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Eat and Drink

Sardines: the cool new fish swimming onto NYC menus

Diners are used to seeing salmon and tuna on menus, but there's a new popular fish in town: sardines.

Though the word usually conjures images of oily little fellas in retro tins, several restaurants are sourcing fresh sardines and complementing their naturally mild but bright taste with equally fresh ingredients like herbs and vegetables, rustic bread and creamy butter.

"People like sardines a lot more than I thought they did," said French Louie co-owner Doug Crowell, who has a smoked sardines dish on the menu. "Growing up, one of my favorite snack was always canned sardines on Triscuits. It turns out I'm not the only sardine lover out there."

Fish is one of the healthiest foods you can eat too, thanks to all those omega-3 fatty acids, which are "known to promote heart health by lowering blood pressure and decreasing the risk for heart attack or stroke," said Daniela Neman, a senior dietitian at Mount Sinai Hospital. "They also promote healthy brain function."

And while omega-3s are found in all fish, fatty fish like sardines are an especially good source of the nutrient, said Neman.

"Because sardines are a smaller fish, they carry less contaminants like mercury, making them safe to eat more often -- even up to two to three times per week," said Neman.

With that incentive in mind, dig in to these five sardine dishes from around the city:

100 Sardines

Aldea chef George Mendes has always been a
Photo Credit: Craig Ruttle

Aldea chef George Mendes has always been a fan of sardines, which are hugely popular in his family's native Portugal. And at his Mad Sq. Eats pop-up, he even imports them from the homeland. The sardine toast features a mixture of fresh and tinned sardines with garlic mayo and yogurt, diced cucumbers, parsley, cilantro and lemon atop broa, a rye cornbread made at Aldea. It's Portuguese perfection. $8; Mad Sq. Eats, running now through May 30 at Worth Square, W. 25th Street and Broadway, Urbanspacenyc.com/mad-sq-eats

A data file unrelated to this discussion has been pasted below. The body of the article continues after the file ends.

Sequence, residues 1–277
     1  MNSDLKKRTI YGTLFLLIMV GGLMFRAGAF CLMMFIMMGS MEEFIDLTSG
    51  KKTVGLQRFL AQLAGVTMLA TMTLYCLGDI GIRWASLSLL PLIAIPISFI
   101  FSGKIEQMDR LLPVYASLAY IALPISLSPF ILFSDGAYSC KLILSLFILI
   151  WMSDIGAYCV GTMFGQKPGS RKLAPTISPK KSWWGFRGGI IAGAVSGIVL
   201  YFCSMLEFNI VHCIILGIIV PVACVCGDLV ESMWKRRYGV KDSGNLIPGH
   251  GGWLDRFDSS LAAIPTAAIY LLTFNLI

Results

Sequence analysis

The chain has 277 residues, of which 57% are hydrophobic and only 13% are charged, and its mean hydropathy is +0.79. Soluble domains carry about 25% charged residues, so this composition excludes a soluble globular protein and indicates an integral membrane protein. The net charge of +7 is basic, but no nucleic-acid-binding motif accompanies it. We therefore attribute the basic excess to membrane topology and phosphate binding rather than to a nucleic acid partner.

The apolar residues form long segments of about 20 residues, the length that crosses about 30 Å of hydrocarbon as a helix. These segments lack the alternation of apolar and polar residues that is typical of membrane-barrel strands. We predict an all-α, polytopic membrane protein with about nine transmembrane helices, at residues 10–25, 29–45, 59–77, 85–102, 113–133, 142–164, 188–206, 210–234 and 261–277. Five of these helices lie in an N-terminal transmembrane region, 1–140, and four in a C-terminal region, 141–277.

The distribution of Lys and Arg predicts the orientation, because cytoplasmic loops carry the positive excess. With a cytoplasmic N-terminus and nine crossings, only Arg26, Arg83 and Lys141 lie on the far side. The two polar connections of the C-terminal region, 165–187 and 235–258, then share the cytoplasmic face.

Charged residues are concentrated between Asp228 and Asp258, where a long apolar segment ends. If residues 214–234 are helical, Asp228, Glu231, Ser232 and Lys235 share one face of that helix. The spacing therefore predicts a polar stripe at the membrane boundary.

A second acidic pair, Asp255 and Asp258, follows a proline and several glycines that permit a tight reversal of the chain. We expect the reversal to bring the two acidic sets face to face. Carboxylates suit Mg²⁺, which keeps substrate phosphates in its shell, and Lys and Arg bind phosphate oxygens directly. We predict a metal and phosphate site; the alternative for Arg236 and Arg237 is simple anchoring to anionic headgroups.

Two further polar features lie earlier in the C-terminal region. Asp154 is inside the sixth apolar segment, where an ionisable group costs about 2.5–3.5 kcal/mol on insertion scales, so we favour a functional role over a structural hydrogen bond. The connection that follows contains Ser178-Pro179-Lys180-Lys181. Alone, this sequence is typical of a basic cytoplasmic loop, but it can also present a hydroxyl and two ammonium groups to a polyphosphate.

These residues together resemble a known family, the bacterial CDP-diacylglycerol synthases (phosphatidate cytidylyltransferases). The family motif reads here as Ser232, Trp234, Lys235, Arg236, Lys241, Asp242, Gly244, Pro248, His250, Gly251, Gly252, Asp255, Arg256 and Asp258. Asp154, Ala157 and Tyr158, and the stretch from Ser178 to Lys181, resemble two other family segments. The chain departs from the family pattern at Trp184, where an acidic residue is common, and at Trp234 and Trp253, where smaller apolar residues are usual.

French Louie

Crowell may be pleasantly surprised at the popularity
Photo Credit: David Brinn Williams

Crowell may be pleasantly surprised at the popularity of the dinner dish at his newish Brooklyn restaurant, but it's easy to see why it's become a hit. The lightly smoked Rhode Island sardines are served with a seaweed-flecked dulse butter and slices of rye ficelle from Bien Cuit for a combination that is deliciously comforting. $10; 320 Atlantic Ave. in Boerum Hill, 718-935-1200, frenchlouienyc.com

All'Onda

At All'Onda, sardines are transformed into a work
Photo Credit: Nathan Rawlinson

At All'Onda, sardines are transformed into a work of art at this modern Italian restaurant. Cut into diagonal chunks and served as a raw crudo, they are accompanied by pickled pearl onion, pine nuts and fennel puree. And yes, the dish tastes as good as it looks. $16; 22 E. 13th St., 212-231-2236, Allondanyc.com

The Shakespeare

This is British comfort food at its best.
Photo Credit: Jeremy Bales

This is British comfort food at its best. Fresh sardines are grilled and served on toasted sourdough and buttered baby-leaf spinach, and the whole thing is topped with a perfectly runny soft-boiled egg. Did we mention it's dripping with a warm bacon vinaigrette? $17 (dinner special this week only); 24 E. 39th St., 646-837-6779, Theshakespearenyc.com

Achilles Heel

Fresh sardines are healthier since they're not packed
Photo Credit: Bryan Smith / Bryan Smith

Fresh sardines are healthier since they're not packed in oil, but we couldn't resist including this sandwich, which uses the tinned variety. The sardines, a saffron-packed rouille sauce and peppery arugula are layered between two thick pieces of She Wolf Bakery sourdough. Don't forget the pickle! $12; 180 West St. in Greenpoint, 347-987-3666.

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